While a great strategy to manage these relationships is a subject too complex for a blog posting, and usually too complex for my short discussion, I do get asked "what is the one thing" they can do. Well, here it is:
The One Thing: - Align Goals and Incentives
Let me start with my philosophy on human behavior and one which is built into the DNA of a capitalist society. People will always act in their own self interest. Think about this as you develop your relationships and let me use an example totally outside of our industry - Financial advising. There are two broad categories of financial advisers: Those who work for a fee for which you pay and those who get commissions, 12b-1 fees, rewards etc. from the products they are selling. The latter looks like a good deal because you do not pay the up front fee. But is it a good deal?
When we apply my general philosophy of people will always act in their self interest to this case the answer becomes clear. The financial planner who is considered "free" has an incentive to sell to you the product which will make them the most amount of money - and they will. Two products, one of which if sold gives her and her family a free trip to Hawaii v. another which gives her just a few bucks commission are the selection. Which do you think she will sell to you? If you picked Hawaii, you are right.
Now, the former advisor, the one who you pay a fee for has a fiduciary responsibility to work in your best interest. In fact, because you are their sole source of income, they have no incentive to provide anything to you that is not in your best interest. The only way their income continues is if you are happy and that only comes if they work in your best interest. In this case the goals and incentives are aligned.
Let's apply my philosophy (again, it is people will always act in their self interest) to the world of the 3PL and specifically to the outsource model of transportation management. I see many models where both the operations and the procurement of transportation have been outsourced. The key question here is whether the goals and incentives are aligned when you are in a relationship where the 3PL essentially acts as a broker for you.
Imagine that the "broker" 3PL relationship comes across a way to lower your overall transportation costs knowing however that it will eat into their margin on the spread they make between what they are selling transportation to you for and what they are buying it for. In this situation they have a choice to make: Will they act in your best interest or will they act in their own self interest? Both my guiding principle philosophy and my experience is that the answer is clear: The 3PL, when confronted with a conflict between their self interest and the client's, will almost always choose their self interest first. This is especially true if they have shareholders (whether public or private) to report to. Why would they do anything different.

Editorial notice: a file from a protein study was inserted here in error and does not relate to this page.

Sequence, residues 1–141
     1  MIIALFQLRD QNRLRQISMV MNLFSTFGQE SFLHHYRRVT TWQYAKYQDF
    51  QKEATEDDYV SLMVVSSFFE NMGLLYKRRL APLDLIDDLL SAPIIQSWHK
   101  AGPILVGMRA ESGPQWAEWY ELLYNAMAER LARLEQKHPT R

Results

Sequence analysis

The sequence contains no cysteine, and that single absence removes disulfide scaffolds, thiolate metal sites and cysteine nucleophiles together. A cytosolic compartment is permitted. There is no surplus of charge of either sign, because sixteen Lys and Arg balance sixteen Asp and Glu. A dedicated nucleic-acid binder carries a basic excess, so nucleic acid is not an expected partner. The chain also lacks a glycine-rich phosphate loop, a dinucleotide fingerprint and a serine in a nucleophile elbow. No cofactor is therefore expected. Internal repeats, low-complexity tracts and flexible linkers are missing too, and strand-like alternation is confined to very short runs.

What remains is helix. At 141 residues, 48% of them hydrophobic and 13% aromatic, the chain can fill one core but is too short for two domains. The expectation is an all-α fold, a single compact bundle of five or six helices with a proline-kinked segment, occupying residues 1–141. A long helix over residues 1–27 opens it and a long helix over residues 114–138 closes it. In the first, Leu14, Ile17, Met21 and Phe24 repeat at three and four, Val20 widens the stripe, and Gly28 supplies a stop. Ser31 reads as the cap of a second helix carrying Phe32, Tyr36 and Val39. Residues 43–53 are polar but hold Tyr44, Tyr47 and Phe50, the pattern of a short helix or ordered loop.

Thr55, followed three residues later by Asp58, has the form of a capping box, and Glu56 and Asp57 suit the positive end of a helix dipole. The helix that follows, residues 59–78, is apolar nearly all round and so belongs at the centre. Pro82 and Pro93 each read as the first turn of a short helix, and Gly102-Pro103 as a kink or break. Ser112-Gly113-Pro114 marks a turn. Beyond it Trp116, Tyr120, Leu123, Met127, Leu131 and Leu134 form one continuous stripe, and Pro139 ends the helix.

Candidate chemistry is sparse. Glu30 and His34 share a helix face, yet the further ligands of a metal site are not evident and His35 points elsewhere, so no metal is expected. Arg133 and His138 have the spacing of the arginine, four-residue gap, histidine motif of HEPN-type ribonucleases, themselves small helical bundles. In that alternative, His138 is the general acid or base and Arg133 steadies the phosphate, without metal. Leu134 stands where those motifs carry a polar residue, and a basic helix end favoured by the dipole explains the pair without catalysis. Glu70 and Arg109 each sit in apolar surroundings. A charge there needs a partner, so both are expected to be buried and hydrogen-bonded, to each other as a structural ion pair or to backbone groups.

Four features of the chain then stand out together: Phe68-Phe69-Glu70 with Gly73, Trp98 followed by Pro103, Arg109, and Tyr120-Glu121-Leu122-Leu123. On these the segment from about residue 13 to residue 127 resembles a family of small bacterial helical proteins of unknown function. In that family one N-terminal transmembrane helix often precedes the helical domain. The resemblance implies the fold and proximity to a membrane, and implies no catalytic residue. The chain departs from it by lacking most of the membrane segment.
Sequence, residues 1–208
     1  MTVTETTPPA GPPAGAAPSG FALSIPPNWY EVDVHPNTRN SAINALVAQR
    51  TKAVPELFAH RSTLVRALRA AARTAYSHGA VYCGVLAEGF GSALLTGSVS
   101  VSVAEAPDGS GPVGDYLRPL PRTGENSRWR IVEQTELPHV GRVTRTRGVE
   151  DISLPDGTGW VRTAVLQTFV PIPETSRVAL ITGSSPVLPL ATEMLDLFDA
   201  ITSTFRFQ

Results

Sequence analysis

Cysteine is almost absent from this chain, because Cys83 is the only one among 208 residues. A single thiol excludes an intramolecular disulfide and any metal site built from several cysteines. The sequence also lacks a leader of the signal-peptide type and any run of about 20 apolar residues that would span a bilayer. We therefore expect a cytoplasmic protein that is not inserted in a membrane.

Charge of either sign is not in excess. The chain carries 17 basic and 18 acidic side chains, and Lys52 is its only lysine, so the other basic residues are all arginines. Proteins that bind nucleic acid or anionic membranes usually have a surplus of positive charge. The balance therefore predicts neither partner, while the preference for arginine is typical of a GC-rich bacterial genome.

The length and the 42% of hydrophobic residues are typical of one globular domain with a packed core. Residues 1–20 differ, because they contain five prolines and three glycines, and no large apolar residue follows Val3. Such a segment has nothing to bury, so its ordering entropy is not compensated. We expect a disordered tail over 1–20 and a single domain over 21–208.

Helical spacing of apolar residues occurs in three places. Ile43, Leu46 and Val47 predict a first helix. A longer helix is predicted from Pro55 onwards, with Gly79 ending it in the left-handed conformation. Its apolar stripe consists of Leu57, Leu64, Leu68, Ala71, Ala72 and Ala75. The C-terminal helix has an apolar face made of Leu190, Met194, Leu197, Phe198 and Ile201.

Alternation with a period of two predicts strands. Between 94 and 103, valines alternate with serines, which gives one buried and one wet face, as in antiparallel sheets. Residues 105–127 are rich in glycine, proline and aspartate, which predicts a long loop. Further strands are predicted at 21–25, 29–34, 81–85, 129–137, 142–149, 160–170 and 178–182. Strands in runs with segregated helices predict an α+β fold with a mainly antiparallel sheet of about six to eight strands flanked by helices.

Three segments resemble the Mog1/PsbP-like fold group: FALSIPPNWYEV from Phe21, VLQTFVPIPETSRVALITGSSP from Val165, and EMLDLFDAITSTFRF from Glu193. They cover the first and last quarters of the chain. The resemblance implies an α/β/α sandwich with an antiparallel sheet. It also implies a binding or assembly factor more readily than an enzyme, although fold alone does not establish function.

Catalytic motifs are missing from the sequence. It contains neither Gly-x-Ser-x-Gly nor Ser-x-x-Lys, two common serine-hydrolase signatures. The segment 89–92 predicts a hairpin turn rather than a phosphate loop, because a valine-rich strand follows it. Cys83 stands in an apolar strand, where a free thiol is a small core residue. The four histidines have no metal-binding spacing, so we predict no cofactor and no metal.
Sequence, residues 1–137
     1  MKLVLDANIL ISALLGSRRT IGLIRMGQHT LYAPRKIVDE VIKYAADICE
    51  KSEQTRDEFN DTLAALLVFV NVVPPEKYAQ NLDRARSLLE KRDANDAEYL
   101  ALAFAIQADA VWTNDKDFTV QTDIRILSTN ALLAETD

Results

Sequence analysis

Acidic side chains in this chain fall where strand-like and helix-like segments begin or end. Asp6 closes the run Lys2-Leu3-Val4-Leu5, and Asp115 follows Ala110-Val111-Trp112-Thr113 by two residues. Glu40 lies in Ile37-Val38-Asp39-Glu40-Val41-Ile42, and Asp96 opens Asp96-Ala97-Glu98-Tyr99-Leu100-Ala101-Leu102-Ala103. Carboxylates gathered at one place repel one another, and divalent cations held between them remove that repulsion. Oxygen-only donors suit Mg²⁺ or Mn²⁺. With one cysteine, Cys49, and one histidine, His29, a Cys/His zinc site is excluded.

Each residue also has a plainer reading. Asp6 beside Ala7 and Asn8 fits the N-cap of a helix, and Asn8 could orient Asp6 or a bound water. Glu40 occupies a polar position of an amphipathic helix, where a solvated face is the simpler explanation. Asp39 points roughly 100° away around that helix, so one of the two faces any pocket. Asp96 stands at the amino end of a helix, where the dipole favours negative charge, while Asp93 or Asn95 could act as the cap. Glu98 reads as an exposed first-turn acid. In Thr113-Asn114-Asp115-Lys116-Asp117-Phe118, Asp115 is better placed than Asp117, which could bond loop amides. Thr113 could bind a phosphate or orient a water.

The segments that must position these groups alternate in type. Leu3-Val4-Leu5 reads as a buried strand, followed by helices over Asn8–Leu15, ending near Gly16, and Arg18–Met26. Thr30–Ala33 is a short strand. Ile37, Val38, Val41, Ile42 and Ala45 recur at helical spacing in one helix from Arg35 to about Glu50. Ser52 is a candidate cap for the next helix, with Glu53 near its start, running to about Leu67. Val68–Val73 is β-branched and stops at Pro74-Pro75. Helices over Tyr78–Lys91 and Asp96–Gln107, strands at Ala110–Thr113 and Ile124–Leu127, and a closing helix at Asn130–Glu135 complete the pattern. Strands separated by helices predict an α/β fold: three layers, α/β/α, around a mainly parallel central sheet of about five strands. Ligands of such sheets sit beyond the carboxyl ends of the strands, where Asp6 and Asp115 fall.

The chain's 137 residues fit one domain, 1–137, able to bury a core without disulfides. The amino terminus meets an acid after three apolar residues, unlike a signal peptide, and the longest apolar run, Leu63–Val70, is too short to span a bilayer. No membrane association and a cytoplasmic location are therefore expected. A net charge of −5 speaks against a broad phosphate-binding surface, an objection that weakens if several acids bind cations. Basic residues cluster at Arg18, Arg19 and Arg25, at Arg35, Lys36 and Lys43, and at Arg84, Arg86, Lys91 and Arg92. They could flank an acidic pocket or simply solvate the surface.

However, if their goals and incentives are aligned - such as the my recommended solution which is the shipper should always retain the procurement process in house and NEVER outsource this part of it - then the 3PL will never be put in this conflict situation. You pay them for a service and they execute that service.
The critical point here is the 3PL should not make money on both sides of the transaction. As soon as that is the case, they will be in conflict. The only way the 3PL should be able to make money is by acting in the client's best interest. In other words, they have a sole and singular fiduciary responsibility and that is to you the shipper.
This is "The one thing". If you are a shipper who has outsourced your procurement to a 3PL you should think again and ask yourselves what is driving the 3PL thought process (By the way this also applies to "dedicated" fleets who make money leasing equipment to you - are they working in your best interest or in the best interest of the profitability of their leasing operation).
I am not one to quote the Bible much in public but, if you do not believe me about this then listen to what Matthew has to say:
"No one can serve two masters. Either you will hate the one and love the other, or you will be devoted to the one and despise the other. You cannot serve both God and money."In my case change the last sentence to: You cannot serve both sides of the transaction.